This week was fairly simple as it was just a “get to know each other” week. My role throughout the year though is really to just be the assistant to their English teacher. I will occasionally do presentations, work with them on activities from their books, general discussions, etc. The teachers at both my schools (I am teaching 2 days at one school and 2 days at another) are incredibly helpful. They all have offered continual support and advice throughout the week and I have so appreciated their generosity. They’ve made this transition a breeze. In addition, there is another language assistant at one of my schools who is on her second year and has been a great resource for general advice on what I can expect.

Now that I’m feeling more reassured and have met everyone at my schools I believe I will be sleeping much easier tonight. If not, I’ll just have a glass of wine this time.

For those of you who have taught before or continue to do so, feel free to shoot some advice and/or resources my way. I’m always open to suggestions. I am just assisting, but a little creativity on my part would be appreciated I’m sure.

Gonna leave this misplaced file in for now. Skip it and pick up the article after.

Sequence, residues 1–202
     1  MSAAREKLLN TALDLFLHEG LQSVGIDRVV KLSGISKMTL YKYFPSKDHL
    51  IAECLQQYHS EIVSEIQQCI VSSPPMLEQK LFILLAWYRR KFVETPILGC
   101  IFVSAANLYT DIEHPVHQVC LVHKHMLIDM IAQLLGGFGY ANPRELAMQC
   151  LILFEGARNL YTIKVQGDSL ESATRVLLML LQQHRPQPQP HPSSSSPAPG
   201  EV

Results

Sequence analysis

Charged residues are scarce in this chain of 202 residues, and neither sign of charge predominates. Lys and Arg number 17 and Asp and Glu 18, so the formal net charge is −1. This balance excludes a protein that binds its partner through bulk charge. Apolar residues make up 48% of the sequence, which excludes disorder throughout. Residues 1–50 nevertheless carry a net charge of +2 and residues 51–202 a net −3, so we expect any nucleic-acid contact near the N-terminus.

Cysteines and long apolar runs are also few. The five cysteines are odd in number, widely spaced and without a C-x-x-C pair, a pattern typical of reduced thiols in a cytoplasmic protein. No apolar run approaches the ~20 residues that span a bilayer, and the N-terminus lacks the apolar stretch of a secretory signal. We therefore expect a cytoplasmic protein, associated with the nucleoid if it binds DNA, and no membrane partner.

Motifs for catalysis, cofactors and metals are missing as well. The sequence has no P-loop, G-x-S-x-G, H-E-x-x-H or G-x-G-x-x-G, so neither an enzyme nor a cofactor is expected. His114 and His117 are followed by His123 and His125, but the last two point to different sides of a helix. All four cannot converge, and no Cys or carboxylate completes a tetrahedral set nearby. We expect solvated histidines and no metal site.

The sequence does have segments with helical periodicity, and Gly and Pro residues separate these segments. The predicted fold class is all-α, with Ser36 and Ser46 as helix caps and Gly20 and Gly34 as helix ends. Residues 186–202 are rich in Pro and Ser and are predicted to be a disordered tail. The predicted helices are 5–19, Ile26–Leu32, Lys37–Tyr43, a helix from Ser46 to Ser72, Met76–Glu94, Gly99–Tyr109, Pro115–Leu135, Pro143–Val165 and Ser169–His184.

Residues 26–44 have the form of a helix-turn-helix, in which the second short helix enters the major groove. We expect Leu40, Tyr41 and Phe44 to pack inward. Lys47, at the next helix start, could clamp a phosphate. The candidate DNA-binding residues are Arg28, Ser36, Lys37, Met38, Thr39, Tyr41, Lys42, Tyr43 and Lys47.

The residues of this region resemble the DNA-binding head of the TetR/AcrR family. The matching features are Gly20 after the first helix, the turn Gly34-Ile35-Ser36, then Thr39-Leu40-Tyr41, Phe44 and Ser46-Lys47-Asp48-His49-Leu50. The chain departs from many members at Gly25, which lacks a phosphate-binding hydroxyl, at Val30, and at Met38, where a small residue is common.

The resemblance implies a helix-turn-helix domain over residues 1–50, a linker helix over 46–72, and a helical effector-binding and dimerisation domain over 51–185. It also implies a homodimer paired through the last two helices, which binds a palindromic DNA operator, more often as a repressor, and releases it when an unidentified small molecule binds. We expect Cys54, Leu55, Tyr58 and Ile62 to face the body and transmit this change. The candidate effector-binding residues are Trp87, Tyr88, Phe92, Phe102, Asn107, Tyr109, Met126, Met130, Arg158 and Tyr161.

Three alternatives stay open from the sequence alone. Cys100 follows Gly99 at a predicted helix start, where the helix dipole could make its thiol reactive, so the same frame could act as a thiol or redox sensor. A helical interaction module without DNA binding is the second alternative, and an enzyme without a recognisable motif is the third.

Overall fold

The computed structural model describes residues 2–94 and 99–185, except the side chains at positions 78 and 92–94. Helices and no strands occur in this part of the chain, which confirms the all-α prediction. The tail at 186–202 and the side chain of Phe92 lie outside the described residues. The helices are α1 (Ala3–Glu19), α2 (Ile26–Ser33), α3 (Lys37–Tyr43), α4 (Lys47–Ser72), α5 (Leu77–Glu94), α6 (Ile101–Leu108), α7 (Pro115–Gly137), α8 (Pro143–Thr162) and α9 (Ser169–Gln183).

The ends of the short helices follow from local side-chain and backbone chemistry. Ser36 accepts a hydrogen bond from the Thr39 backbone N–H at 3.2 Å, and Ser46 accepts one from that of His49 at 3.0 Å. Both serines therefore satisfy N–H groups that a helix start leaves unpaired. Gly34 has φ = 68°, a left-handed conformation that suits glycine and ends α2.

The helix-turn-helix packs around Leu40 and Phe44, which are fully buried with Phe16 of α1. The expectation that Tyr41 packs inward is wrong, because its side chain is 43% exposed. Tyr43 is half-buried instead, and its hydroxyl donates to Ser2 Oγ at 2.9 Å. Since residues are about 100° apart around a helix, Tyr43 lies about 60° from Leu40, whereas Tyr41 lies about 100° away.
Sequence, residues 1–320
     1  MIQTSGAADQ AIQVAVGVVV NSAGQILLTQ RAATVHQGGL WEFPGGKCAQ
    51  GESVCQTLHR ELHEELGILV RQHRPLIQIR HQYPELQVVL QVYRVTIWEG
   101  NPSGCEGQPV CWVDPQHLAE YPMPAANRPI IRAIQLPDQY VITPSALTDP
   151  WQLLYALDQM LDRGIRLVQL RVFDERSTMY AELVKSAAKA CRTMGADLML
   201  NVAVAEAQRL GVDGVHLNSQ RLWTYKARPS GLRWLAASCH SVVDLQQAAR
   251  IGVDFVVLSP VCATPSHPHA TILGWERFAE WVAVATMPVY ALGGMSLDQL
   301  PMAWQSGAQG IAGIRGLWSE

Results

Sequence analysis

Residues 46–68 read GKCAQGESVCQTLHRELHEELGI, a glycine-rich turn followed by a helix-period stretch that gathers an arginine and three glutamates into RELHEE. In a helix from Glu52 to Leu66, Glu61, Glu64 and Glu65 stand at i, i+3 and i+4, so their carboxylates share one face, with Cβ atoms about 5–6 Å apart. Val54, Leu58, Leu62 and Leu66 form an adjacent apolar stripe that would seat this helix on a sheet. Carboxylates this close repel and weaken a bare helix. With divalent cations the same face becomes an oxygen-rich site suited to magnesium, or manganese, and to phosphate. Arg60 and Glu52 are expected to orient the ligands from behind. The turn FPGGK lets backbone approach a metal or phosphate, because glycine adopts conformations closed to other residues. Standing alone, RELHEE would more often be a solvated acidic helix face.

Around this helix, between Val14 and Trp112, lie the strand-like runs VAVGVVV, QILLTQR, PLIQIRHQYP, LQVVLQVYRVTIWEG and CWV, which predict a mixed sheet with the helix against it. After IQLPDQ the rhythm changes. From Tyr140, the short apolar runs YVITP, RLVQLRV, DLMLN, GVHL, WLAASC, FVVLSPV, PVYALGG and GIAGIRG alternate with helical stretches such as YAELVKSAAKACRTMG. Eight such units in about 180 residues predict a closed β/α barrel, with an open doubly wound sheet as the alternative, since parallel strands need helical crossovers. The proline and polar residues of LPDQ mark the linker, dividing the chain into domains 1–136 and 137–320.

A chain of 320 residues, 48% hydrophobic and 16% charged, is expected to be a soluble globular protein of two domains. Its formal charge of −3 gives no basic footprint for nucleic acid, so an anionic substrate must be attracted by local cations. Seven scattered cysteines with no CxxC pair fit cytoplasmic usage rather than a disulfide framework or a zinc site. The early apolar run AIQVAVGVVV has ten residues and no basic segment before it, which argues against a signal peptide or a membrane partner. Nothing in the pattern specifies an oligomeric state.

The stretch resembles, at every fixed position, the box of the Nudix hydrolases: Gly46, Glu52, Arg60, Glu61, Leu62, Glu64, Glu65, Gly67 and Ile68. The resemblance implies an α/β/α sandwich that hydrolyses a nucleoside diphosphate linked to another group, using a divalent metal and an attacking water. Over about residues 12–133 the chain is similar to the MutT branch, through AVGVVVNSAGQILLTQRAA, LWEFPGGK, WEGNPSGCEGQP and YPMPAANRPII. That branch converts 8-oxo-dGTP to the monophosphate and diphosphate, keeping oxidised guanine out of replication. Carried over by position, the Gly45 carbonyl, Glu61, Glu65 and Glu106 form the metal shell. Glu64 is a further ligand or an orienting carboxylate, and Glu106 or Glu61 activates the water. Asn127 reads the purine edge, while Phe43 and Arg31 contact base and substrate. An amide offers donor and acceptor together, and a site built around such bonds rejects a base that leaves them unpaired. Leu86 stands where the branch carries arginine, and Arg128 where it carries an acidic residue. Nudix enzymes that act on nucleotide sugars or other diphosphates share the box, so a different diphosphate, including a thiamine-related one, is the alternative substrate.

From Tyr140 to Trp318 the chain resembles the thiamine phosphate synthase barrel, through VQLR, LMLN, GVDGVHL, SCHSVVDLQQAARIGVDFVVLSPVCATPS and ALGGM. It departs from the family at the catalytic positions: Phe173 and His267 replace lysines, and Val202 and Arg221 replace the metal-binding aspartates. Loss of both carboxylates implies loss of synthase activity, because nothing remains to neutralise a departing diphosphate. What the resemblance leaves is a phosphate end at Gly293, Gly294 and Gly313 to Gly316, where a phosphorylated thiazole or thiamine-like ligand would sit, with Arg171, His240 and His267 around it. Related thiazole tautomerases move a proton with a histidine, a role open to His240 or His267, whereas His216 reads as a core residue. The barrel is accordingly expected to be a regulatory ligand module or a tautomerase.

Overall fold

15 Comments on “Surviving My First Week of Teaching English in Spain”

  1. Fran says:

    Loved your post. As an ESL teacher in Brazil I can totally relate to some of your situations — all of which get easier! Never doubt a teenagers ability to stump you! haha

    1. Haha. Thanks for the heads up Fran! I hope you’re right in that it gets easier! But they were all actually great kids which is why I really felt more comfortable very quickly.

  2. Ben says:

    glad it’s going well old chap! but the question remains…DO you have a girlfriend?!?!?!

  3. Oh, I remember the first time I had to teach! It was basically, “here’s the book. Here’s your class. Go!” It took me a while to get with the flow of things and, much to my surprise, my students weren’t little monsters – well, most of them were nice. There were a few bad apples. Now, teaching doesn’t bother me in the slightest and I love working with kids. Teens still take a lot longer to warm up, but when they do, they’re lots of fun as they’ll have actual conversations with you. Dammit, now I miss teaching!

    1. Glad you had a positive experience Tom! It’s always encouraging to hear. I do agree, teens take way longer to warm up. I think after almost 2 months with them they’re still getting used to me. The younger ones are immediately pleased though. So much easier. I like working with the different levels though. They all have their ups and downs.

  4. Jennifer says:

    I can imagine its pretty scary teaching for the first time, even if you are just assisting! Good luck!

    1. Thanks for the wish of luck Jennifer! It’s been smooth sailing so far (more or less). I think I’m finally getting into the swing of things. We’ll see how long I last though. So far, I’m thinking I’d like to continue next year. :)

  5. Joshua says: